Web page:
Experimental procedures and care of animals were carried out according to the Fukushima Medical University Institute of Animal Care and Use Committee.

Measurement of energy intake and BW

The juvenile and adult rats were each divided into two groups; an NCD group and a HFD group. The groups were fed their respective diets for 63 days, and food intake and BW were measured once every 3 days, at 5:00 PM. After 63 days, the groups were given their diets until measurement of fat mass, glucose tolerance test, and insulin tolerance test were completed (up to 72 days).

Glucose tolerance test (GTT) and insulin tolerance test (ITT)

Glucose tolerance test and insulin tolerance test were performed at days 69 and 72, respectively, after starting NCD or HFD. In order to prevent effect of GTT on energy intake and BW, animals were given 3 days interval between GTT and ITT. Thus, ITT was performed at day 72. At this point, the rats were 13 weeks old (Juvenile group) and 18 weeks old (Adult group). On the test day, the animals were deprived of food starting at 9:00 AM. Then, at 2:00 PM, the rats were intraperitoneally injected with 2 g/kg/10 ml glucose (Otsuka Pharmaceuticals, Tokyo, Japan) or 1 IU/kg insulin (Humulin R, Eli Lilly Japan, Kobe, Japan). Blood were collected from cut tip of tail and glucose levels were measured by glucose meter (Glutest every, Arkray, Kyoto, Japan) at 0 min (before injection), as well as at 15 min, 30 min, 60 min and 120 min after glucose or insulin injection.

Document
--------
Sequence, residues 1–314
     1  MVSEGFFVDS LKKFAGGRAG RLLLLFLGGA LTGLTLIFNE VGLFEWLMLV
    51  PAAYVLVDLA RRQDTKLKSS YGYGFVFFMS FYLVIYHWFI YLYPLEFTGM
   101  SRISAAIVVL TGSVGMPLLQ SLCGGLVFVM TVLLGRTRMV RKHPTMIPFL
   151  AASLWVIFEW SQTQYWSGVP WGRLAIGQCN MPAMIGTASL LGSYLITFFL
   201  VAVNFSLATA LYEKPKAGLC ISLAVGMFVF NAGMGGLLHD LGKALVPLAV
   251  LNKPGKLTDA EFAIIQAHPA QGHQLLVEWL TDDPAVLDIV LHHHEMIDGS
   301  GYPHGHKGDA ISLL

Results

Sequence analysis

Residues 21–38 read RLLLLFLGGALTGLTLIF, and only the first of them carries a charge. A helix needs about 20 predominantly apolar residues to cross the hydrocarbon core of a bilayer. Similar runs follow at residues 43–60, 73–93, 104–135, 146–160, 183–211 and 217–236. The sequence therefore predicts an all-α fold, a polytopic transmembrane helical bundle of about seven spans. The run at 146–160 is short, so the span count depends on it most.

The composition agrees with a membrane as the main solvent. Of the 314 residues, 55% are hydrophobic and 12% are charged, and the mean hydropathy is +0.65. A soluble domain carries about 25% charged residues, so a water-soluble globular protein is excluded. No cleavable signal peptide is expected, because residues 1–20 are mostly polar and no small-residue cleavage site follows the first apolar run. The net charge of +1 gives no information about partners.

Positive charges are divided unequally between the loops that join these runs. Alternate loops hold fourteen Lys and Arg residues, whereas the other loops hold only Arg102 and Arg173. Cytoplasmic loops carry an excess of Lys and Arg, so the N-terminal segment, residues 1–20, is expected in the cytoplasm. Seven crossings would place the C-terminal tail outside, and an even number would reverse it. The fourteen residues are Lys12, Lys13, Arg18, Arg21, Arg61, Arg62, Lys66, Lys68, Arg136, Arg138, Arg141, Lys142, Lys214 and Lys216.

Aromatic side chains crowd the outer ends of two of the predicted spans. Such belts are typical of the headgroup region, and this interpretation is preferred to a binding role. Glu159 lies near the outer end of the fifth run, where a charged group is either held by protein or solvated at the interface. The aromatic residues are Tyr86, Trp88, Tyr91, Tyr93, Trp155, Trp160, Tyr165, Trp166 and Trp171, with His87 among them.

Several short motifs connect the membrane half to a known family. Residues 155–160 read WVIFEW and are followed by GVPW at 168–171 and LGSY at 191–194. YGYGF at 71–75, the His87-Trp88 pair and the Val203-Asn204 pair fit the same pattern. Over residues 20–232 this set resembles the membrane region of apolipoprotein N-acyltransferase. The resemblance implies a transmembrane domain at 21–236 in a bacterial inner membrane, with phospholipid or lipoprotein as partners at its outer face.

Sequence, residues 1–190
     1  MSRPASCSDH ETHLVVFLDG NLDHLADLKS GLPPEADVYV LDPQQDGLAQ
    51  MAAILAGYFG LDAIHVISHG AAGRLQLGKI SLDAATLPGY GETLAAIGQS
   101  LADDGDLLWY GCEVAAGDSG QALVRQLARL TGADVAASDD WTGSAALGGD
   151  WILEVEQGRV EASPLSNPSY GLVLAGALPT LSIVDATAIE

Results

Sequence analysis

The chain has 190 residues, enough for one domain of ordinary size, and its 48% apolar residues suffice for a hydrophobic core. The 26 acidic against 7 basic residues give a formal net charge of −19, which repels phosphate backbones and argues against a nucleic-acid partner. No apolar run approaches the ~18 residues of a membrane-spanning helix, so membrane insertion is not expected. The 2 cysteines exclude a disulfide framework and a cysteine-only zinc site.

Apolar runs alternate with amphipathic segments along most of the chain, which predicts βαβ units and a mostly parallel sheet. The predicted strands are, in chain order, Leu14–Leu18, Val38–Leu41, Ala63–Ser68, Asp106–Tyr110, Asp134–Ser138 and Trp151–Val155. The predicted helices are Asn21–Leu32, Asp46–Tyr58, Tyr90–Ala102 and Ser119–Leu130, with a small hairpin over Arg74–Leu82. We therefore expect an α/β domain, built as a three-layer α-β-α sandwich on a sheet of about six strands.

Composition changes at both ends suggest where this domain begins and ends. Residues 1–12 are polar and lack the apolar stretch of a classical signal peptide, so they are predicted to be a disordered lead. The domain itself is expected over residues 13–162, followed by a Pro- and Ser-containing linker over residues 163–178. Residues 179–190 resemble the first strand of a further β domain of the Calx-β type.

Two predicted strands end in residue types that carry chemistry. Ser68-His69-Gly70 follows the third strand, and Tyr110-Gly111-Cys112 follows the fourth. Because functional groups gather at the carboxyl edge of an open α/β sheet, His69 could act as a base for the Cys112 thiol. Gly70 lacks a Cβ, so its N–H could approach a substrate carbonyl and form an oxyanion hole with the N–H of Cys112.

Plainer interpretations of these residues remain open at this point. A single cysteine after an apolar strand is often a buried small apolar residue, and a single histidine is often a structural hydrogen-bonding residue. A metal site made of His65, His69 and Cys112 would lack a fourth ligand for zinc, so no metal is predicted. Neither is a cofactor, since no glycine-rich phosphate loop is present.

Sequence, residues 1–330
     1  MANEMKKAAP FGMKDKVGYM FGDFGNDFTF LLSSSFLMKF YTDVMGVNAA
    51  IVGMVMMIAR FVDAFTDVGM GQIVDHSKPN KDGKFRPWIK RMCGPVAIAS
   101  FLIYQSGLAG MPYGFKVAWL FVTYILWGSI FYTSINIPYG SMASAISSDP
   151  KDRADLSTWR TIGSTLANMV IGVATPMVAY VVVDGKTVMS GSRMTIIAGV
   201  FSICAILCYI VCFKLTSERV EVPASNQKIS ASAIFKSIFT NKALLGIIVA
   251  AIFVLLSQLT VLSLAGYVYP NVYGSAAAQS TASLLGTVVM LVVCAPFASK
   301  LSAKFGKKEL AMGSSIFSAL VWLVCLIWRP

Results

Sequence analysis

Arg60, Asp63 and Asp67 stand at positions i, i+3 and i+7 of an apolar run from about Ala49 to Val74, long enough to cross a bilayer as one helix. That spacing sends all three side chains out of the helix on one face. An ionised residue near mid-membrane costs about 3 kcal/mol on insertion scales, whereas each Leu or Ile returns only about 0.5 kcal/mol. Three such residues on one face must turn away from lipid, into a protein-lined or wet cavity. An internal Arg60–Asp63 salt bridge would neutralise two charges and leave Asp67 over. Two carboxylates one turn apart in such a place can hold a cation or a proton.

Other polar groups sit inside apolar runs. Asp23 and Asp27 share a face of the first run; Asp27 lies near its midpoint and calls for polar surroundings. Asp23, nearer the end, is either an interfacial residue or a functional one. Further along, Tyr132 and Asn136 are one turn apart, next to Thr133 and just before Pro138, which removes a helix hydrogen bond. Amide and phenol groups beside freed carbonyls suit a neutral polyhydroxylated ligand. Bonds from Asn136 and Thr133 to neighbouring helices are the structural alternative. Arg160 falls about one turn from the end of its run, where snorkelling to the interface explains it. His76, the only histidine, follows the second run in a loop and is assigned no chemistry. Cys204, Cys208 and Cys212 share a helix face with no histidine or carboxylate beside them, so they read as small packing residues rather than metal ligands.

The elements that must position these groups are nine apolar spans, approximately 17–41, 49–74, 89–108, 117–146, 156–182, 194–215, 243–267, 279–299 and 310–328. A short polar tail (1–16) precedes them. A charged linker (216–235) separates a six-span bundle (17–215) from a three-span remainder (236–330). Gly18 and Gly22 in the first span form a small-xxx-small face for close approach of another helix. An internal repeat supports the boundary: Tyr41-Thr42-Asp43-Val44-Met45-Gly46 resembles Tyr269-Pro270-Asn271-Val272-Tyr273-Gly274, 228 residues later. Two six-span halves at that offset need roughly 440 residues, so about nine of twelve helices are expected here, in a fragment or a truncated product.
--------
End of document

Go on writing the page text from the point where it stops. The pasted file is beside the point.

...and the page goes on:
Measurement of insulin levels

Level of insulin secretion during GTT were examined. On the day of experiment, the animals were deprived of food at 9:00 AM, Then, rats were intraperitoneally injected with 2 g / kg / 10 ml glucose (Otsuka Pharmaceuticals, Tokyo, Japan) at 14:00 PM. Blood samples (approximately 50 μl) were collected cut tip of tail before (0 min) and 30 min, 60 min, and 120 min after the glucose injection. Blood samples were centrifuged at 4 °C at 4000 rpm for 10 min. After centrifugation, plasma samples were collected and stock at − 80 °C until the day of insulin measurement assay.